01 09 10

Sunday, August 31, 2014

How Can I Afford Academic Support Outside of School


Many families hope that medical insurance coverage will reimburse them for outside academic support for children with learning disabilities.  Study skills, remedial help and homework support is often necessary for this population of learners, and it can come at a steep cost.  Although these services should be provided by school districts, you will find most have limited resources and one to one assistance is virtually impossible.  Insurance companies accommodate psychological services, but because learning specialists, educational therapists, and tutors are usually trained in education, they don’t have the needed licensing credentials and codes for insurance companies to pay the bill. 

How Can I Afford the Costs of Outside Help?
Before disregarding this option, there is good news.  According to IRS publication 502, under the heading Special Education, with a doctor’s note, parents can use medical expense accounts to pay these bills.  In addition, you can “write off” these costs if the teacher is trained to work with learning disabilities.  In fact, you can even be granted compensation for your child to attend a school where the reason is overcoming a learning disability.  Finally, check with your employer to see if they offer other options.  Some large companies, such as IBM, offer financial compensation when an employee's family member need these types of services.   

How Do I Find the Right Service Provider?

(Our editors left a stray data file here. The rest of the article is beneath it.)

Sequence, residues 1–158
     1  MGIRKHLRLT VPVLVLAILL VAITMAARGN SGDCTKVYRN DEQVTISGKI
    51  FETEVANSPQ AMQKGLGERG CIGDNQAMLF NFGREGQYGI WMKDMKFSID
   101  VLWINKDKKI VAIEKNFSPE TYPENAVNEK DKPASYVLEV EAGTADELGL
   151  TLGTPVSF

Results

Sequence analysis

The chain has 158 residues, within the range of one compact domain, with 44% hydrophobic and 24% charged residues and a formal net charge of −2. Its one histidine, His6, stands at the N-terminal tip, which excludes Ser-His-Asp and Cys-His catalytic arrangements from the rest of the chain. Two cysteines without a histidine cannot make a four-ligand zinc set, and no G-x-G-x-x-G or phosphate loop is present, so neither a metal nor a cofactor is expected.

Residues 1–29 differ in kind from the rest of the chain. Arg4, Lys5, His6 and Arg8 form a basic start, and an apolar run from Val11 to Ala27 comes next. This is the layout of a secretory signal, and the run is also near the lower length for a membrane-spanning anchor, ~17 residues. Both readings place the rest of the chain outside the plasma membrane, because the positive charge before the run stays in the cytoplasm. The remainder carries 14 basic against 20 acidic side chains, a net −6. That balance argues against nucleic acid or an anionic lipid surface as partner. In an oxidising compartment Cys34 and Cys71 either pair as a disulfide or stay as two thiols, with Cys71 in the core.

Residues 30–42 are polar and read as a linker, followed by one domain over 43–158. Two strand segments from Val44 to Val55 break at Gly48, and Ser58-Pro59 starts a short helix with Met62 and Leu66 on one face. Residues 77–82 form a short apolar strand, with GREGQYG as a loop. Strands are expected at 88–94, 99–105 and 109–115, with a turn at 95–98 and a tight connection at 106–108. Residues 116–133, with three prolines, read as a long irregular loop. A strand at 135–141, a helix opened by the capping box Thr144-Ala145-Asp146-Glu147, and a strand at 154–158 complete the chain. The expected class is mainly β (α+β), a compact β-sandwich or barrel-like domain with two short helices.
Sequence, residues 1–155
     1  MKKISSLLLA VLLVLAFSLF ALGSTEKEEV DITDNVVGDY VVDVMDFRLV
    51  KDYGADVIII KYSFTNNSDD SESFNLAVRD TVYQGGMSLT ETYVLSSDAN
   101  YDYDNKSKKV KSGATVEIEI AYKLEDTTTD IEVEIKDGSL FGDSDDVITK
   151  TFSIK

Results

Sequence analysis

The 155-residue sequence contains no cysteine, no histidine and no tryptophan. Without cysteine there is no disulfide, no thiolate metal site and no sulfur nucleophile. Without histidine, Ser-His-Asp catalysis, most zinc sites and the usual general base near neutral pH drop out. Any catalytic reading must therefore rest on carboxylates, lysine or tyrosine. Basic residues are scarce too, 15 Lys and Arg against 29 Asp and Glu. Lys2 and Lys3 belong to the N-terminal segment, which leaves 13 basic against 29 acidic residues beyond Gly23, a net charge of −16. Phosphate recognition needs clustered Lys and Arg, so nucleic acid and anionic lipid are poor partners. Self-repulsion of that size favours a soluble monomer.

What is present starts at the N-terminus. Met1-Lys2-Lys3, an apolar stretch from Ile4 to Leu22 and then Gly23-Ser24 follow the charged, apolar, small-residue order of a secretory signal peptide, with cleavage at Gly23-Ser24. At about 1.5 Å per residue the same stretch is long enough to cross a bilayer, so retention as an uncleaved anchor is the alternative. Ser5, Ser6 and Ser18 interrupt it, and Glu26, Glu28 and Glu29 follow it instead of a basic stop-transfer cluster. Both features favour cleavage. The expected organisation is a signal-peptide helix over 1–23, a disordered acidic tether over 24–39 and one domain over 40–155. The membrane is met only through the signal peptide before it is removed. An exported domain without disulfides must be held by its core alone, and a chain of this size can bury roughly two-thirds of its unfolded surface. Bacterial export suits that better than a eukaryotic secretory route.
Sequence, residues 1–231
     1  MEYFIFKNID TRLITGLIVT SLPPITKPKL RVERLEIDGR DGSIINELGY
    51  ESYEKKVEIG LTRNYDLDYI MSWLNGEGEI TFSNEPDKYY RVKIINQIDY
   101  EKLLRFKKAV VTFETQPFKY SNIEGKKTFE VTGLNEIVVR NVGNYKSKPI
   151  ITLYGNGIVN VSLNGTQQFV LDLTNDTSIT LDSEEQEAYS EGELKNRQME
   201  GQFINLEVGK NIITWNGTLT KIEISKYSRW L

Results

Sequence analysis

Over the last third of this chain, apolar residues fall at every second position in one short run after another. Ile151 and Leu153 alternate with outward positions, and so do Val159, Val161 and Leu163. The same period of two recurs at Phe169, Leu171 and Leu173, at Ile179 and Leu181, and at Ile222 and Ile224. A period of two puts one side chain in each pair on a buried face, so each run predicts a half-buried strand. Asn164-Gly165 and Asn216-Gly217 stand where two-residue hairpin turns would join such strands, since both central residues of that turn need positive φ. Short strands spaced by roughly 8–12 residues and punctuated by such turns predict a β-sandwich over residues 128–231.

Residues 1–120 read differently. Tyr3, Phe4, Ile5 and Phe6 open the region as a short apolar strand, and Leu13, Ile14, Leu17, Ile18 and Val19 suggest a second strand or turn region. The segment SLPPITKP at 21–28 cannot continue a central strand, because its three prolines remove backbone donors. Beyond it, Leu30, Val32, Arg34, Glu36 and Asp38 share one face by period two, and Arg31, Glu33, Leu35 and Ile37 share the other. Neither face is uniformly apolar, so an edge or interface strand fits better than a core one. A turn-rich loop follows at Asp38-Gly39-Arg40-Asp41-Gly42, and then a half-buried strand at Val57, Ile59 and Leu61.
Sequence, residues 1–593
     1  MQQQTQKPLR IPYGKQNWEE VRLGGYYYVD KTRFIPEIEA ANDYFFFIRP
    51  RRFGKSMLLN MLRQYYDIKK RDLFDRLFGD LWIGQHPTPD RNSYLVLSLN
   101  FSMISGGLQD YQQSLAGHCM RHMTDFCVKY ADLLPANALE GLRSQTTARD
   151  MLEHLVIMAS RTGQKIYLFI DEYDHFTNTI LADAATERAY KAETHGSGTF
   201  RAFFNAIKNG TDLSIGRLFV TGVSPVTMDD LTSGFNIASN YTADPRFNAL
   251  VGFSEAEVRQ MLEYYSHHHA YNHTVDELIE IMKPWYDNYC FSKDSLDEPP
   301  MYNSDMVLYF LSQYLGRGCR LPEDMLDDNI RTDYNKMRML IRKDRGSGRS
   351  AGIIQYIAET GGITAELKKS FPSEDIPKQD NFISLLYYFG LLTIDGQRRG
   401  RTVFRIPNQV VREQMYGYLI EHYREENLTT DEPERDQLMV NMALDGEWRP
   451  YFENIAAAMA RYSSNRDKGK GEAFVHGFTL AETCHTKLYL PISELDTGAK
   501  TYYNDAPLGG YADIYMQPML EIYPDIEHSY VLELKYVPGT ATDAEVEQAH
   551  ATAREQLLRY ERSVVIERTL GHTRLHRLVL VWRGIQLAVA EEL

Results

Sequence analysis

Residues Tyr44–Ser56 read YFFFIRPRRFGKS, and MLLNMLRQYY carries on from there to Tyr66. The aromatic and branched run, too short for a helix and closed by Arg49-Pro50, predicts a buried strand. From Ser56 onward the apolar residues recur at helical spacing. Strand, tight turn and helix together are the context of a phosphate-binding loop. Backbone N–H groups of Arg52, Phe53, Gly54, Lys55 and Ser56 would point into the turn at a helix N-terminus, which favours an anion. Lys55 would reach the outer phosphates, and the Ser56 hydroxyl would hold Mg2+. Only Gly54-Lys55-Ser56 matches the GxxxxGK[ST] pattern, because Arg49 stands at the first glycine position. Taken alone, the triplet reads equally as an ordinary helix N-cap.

First, pursue a comprehensive neuropsychological assessment that provides a diagnosis and a comprehensive report that presents the cognitive weaknesses associated with the learning disability.  Second, find a local, highly-trained tutor, learning specialist or educational therapist that can offer the best services.   Be sure to interview and meet potential providers, so that you can find the best fit for your child.  

Early intervention and support is key for students with learning disabilities.  In fact, young learners receive the right help and support, some deficit areas can be remediated.  In addition, children can also develop compensatory learning strategies as well as self advocacy skills that will help them to realize their highest potential.

Cheers, Erica

Dr.  Erica Warren, Learning Specialist and Educational Therapist


Dr. Erica Warren is the author, illustrator and publisher of multisensory educational materials at Good Sensory Learning and Dyslexia Materials.  She is also the director of Learning to Learn, in Ossining, NY.  To learn more about her products and services, you can go to www.goodsensorylearning.comwww.dyslexiamaterials.com & www.learningtolearn.biz  

Post a Comment